Introduction

Leaving China & the
Journey Across the
Pacific

Cultural Traditions

Women in Early
Chinatowns

Anti-Chinese Violence
& Women's Resistance

Chinese Women at
Work

Educational
Opportunities

Women in Cultural
Work

The Great Depression
and War

Conclusion

Additional Resources


 

 

 

Three women on Kearney Street, Chinatown, San Francisco.
Library of Congress, Prints & Photographs Division, LC-G403- 0354

Most of the first generation of Chinese American women created the communities of early Chinatowns. A class of laboring Chinese women emerged in Chinatowns across the West. These women, who were neither merchants’ wives nor enslaved prostitutes, spent most of their time cooking, sewing, cleaning, and tending to the needs of their families. In the little time left for leisure, they visited their neighbors, spent an evening at the Chinese opera, joined the Dragon and Lion parades, and celebrated Chinese festivals.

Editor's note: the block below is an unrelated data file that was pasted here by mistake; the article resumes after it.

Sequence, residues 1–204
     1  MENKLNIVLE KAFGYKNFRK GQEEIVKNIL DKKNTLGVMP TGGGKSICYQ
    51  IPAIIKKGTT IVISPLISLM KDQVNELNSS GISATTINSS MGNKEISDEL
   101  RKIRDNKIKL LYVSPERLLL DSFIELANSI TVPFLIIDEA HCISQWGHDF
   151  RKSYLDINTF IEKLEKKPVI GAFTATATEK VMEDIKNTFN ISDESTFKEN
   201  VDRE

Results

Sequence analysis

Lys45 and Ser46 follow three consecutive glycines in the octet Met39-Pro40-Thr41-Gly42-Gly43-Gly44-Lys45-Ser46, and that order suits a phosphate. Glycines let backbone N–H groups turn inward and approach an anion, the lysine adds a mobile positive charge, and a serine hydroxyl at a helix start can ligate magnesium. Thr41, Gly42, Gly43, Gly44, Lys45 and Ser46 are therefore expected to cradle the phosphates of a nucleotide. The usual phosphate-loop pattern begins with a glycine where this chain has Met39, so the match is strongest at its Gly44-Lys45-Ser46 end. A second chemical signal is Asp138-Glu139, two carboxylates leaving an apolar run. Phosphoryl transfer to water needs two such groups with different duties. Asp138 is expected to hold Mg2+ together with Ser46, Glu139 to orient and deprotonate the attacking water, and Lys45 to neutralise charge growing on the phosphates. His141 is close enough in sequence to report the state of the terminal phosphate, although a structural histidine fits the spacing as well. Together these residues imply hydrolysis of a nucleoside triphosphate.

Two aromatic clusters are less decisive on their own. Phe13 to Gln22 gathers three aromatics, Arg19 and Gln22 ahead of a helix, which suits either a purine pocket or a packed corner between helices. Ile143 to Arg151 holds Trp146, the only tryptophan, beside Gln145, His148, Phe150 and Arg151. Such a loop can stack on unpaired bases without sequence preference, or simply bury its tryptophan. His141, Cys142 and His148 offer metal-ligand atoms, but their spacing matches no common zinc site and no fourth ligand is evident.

Many of the first Chinese American women also provided family income. With their new economic power they began to share decision-making with their husbands. Life in the United States, though unfamiliar and frightening, presented fewer cultural restraints than in China and women’s position within the family generally improved.

Click here to see images of life in New York and San Francisco Chinatowns.